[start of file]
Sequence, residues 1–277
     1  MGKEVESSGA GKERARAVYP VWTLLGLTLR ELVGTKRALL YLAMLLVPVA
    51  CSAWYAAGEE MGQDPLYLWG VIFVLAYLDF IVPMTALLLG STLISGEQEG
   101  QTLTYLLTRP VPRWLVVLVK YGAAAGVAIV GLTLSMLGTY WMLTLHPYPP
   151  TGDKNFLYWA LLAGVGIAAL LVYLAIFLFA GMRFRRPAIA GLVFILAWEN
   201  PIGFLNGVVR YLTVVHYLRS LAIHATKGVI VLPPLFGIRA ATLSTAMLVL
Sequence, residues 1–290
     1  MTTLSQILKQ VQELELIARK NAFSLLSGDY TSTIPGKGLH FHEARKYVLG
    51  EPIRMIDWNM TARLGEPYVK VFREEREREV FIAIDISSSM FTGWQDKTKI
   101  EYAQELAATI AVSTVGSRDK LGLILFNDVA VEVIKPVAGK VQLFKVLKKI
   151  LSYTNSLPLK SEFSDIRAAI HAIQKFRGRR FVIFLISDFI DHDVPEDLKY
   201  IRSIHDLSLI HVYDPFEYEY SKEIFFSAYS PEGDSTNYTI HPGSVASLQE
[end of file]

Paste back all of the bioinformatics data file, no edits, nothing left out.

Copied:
Sequence, residues 1–277
     1  MGKEVESSGA GKERARAVYP VWTLLGLTLR ELVGTKRALL YLAMLLVPVA
    51  CSAWYAAGEE MGQDPLYLWG VIFVLAYLDF IVPMTALLLG STLISGEQEG
   101  QTLTYLLTRP VPRWLVVLVK YGAAAGVAIV GLTLSMLGTY WMLTLHPYPP
   151  TGDKNFLYWA LLAGVGIAAL LVYLAIFLFA GMRFRRPAIA GLVFILAWEN
   201  PIGFLNGVVR YLTVVHYLRS LAIHATKGVI VLPPLFGIRA ATLSTAMLVL
Sequence, residues 1–290
     1  MTTLSQILKQ VQELELIARK NAFSLLSGDY TSTIPGKGLH FHEARKYVLG
    51  EPIRMIDWNM TARLGEPYVK VFREEREREV FIAIDISSSM FTGWQDKTKI
   101  EYAQELAATI AVSTVGSRDK LGLILFNDVA VEVIKPVAGK VQLFKVLKKI
   151  LSYTNSLPLK SEFSDIRAAI HAIQKFRGRR FVIFLISDFI DHDVPEDLKY
   201  IRSIHDLSLI HVYDPFEYEY SKEIFFSAYS PEGDSTNYTI HPGSVASLQE